Trademark wrangle of their own making
Mr Footman, owner of an electrical shop in South Shore had plenty of lovely free advertising with his suitably aggrieved face on the front cover (June 6) and an article inside the Gazette.
I can only imagine his surprise when he found out he could not copy, sorry, use the London Underground logo over his shop front.
After all, as an experienced businessman, Mr Footman must have contacted the Underground company for permission to use the iconic and familiar roundel before he went to great expense to install it.
Surely that is the first thing one would do…
Both he and the Gusto pizza place were full of astonishment to receive solicitor’s letters over their pretended ignorance, honestly you can’t make it up can you.
Mr Footman thought it was a prank, no, that is probably what the other firms thought.
How would these businesses like it if they found another firm had copied any original design they had – well this is the same thing?
One last thought, every time I walk down Bond Street in Blackpool, I think how out of place the design on the shopfront of The Tube Station is – try something better next time.
It’s your own fault, completely of your own making.
Councils should have a say on business
For any town or city, to lose another big retail store such as BHS is big blow, but in all honesty I cannot remember the last time I purchased anything from a BHS store anywhere in the UK.
Town centres set the first impressions of an area. These vacant department stores, temporary ‘pop up’ shops or increased numbers of charity shops have a deleterious impact on positive regeneration.
A lot of people are quick to wrongly assume it’s their local council who set the business rate valuations. The rateable valuations are in fact set by the Valuation Office Agency. Local councils are duty bound to simply collect the rates on behalf of central Government. Business rates are simply
too high and unrealistic in today’s high street trading conditions. Surely it’s a better solution for the Government to support retail chains, small and medium sized businesses with a further reduction in business rate liabilities?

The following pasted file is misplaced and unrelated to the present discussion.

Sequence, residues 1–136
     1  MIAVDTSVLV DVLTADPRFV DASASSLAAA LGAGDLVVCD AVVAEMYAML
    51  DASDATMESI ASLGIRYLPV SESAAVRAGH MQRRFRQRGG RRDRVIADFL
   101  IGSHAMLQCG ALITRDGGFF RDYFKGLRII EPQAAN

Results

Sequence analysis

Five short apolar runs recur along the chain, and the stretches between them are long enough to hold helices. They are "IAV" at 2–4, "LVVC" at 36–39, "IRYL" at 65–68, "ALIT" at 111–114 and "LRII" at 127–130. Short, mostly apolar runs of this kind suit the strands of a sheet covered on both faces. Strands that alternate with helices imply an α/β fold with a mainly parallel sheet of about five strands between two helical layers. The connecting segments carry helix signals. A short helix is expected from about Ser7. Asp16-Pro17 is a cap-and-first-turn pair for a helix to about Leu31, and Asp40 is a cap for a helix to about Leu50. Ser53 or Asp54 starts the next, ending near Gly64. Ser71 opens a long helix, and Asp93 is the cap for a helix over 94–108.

Unemployment levels in seaside towns like Blackpool are made worse with the loss of a big stores like BHS and Woolworth’s. Supporting year-round employment opportunities in a seasonal town is crucial for Blackpool’s economic development.
It follows that local authorities should be granted greater power or discretion to adjust the business rates in their local areas to encourage private and corporate investment.
I support several Labour MPs in their attack on Sir Philip Green over the collapse of BHS, which has resulted in the loss of 11,000 jobs and a pension black hole of £571 million.
Did he and his boardroom show any respect or personal regard to the thousands of loyal employees who were about to lose their jobs and long-term pensions when he sold BHS for £1 last year?
Sir Philip Green thought nothing of jumping ship and ordering himself a brand new ostentatious £100 million yacht.
Putting it bluntly, this kind of capitalism is in my view wholly immoral.
BHS shows the true nature of capitalism
Eleven thousand completely innocent workers losing their livelihood as retailer BHS goes under.
How did it happen? Even Tory MP Richard Fuller called the management conduct “the unacceptable face of capitalism”.
Bought by Philip Green in 2000 for some £200 million, the press called him a canny operator. After purchase the shareholders relieved BHS of some £586 million in dividends and rent paid to themselves.
The whole point is that no one has done anything illegal. The owners of companies can devour assets of firms to their hearts content at the expense of the staff and other individuals.
That is the nature of capitalism and that’s why we have to get rid of it.
EU is not necessary for our commerce
G W Collinge’s email (“History reveals the benefits of the EU”, Your Say, Gazette, June 7) describes the benefits of countries cooperating in commercial ventures – NOT the benefits of joining a political union.
It is worth noting the EU was created in 1992 and the examples mentioned (Tornado, Typhoon and the Airbus) predate its creation. The prototype Tornado first flew in 1974. Typhoon development began in the 80s with the first prototype flying in 1994. The joint partnership to develop the Airbus officially began in 1969 and the A300 Airbus entered commercial service in 1974. Arguably, the most famous European cooperative venture in aviation was Concorde, whose origins go back to the 50s.
The surrender of our sovereignty and political union are not prerequisites for commercial cooperation. I would argue our commercial ventures, if controlled by a single EU political entity, may result in LESS international cooperation, not more. There are many trade blocs around the globe and they do not require political union or uncontrolled borders.
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